This ceaseless shifting between scales signals what turns out to be one of the recurring motifs of Evangelion: 2.22, namely that while there are friendships to build and Angels to destroy, neither of these areas of human endeavour provide a complete picture of the events that are unfolding in the Evangelion universe. The introduction of Asuka (a non-Japanese pilot) informs us that while NERV may be the focus for humanity’s attempts to resist the Angels, they do not have a monopoly on either the development of new technologies or the formation of new pilots. However, while the introduction of Asuka serves to drive home the message that humanity may not be as united as previously thought, it is Marie who raises the possibility that various human groups might actually be working against each other.

This idea that the Second Impact might have produced multiple political subjectivities and agendas can be viewed as a fleshing out of the final scene from Evangelion: 1.11 in which Gendo is seen having a cryptic conversation with a series of black monoliths marked with a logo for a group named SEELE.




The decision to present SEELE as a series of disembodied black monoliths is another conspicuous demonstration of the inspirations behind the Evangelion franchise. Indeed, while Eva may look a lot like the super robot anime of the 1980s and while its mythology may be littered with references to Christianity in general and Christian mysticism in particular, another massive influence on Evangelion is the hard science fiction of Arthur C. Clarke, author of a short story named “The Sentinel” that inspired the creation of Stanley Kubrick’s 2001.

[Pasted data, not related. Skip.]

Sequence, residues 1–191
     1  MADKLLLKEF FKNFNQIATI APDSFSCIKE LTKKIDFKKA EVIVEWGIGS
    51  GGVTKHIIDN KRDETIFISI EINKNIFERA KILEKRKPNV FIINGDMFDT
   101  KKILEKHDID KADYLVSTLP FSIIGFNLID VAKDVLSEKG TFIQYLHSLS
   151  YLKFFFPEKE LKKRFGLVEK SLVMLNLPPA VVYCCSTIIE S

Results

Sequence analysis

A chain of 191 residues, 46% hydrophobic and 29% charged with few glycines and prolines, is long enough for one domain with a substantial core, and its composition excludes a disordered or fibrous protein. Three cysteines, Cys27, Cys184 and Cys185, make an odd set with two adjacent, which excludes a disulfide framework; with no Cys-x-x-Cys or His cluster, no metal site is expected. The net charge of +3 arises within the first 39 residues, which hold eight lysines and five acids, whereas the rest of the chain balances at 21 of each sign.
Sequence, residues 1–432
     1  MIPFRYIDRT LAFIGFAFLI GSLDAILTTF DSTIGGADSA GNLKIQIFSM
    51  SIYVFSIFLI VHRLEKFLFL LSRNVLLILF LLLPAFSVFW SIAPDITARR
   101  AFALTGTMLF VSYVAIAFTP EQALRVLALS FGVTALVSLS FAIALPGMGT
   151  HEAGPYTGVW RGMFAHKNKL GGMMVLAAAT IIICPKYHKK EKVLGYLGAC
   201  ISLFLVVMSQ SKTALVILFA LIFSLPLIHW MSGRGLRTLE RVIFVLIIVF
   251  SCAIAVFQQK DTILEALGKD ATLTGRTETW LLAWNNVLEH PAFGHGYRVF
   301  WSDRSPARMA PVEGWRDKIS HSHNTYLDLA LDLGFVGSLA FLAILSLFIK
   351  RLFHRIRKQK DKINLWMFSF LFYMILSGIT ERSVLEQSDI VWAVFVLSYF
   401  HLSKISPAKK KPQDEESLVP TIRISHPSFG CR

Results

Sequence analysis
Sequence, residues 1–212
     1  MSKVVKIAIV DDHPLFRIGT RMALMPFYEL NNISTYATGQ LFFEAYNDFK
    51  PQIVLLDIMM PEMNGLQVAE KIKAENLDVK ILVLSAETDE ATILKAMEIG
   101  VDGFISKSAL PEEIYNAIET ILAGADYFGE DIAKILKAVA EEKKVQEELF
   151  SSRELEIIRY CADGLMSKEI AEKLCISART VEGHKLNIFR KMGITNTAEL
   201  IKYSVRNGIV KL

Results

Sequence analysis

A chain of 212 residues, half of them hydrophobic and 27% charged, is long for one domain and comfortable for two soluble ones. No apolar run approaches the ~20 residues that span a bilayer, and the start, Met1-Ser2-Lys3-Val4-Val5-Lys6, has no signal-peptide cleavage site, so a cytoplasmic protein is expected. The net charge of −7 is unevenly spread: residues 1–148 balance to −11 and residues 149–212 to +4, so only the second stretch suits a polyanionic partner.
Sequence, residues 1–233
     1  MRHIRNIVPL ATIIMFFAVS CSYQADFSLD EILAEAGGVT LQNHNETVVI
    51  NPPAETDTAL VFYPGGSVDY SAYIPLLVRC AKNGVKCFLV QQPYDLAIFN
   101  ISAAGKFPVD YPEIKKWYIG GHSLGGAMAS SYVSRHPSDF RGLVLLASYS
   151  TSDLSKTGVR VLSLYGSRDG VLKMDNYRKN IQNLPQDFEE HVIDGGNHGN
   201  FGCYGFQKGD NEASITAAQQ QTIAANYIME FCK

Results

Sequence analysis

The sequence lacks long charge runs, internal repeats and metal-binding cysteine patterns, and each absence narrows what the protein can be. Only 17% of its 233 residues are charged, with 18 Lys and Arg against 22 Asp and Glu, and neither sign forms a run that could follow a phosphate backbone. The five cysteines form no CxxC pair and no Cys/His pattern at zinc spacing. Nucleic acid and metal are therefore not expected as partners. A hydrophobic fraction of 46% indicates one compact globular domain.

While a thorough investigation of Clarke’s work may be beyond the scope of this article, it is interesting to note that Clarke is perhaps best remembered for what is known as Clarke’s third law:


Any sufficiently advanced technology is indistinguishable from magic.


Subject to numerous interpretations and un-packings, this observation resonates throughout Clarke’s work as many of his novels and stories revolve around humanity coming into contact with technologies so advanced that they might as well be magical for all the insight that contemporary science has to offer. This idea that the universe might prove not only indecipherable but also indifferent to human concerns is evident from Clarke’s 1972 novel Rendezvous with Rama in which a 50km-long alien spacecraft spends just enough time in our solar system for humanity to launch an expedition. The explorers discover the spacecraft to contain not only a city but also an ocean that begins producing life the closer the spacecraft gets to the Sun. However, just as the humans begin to recognise the level of understanding the aliens must have had in order to construct such an artefact, the object passes out of human space leaving far more questions than answers.